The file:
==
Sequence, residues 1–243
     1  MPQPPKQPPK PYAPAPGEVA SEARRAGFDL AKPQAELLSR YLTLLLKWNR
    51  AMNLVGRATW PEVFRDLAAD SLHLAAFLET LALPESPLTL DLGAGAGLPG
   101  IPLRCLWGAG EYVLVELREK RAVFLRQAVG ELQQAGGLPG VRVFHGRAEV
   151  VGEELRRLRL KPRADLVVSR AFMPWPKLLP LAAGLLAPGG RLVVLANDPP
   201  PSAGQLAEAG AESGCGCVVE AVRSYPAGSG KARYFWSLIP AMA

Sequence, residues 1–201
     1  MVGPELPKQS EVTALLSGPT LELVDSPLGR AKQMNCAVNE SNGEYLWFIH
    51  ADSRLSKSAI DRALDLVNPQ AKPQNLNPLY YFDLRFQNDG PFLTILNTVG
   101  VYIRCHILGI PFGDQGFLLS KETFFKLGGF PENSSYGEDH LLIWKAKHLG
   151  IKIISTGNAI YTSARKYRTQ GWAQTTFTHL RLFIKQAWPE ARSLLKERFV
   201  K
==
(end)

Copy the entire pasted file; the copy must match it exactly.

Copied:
Sequence, residues 1–243
     1  MPQPPKQPPK PYAPAPGEVA SEARRAGFDL AKPQAELLSR YLTLLLKWNR
    51  AMNLVGRATW PEVFRDLAAD SLHLAAFLET LALPESPLTL DLGAGAGLPG
   101  IPLRCLWGAG EYVLVELREK RAVFLRQAVG ELQQAGGLPG VRVFHGRAEV
   151  VGEELRRLRL KPRADLVVSR AFMPWPKLLP LAAGLLAPGG RLVVLANDPP
   201  PSAGQLAEAG AESGCGCVVE AVRSYPAGSG KARYFWSLIP AMA

Sequence, residues 1–201
     1  MVGPELPKQS EVTALLSGPT LELVDSPLGR AKQMNCAVNE SNGEYLWFIH
    51  ADSRLSKSAI DRALDLVNPQ AKPQNLNPLY YFDLRFQNDG PFLTILNTVG
   101  VYIRCHILGI PFGDQGFLLS KETFFKLGGF PENSSYGEDH LLIWKAKHLG
   151  IKIISTGNAI YTSARKYRTQ GWAQTTFTHL RLFIKQAWPE ARSLLKERFV
   201  K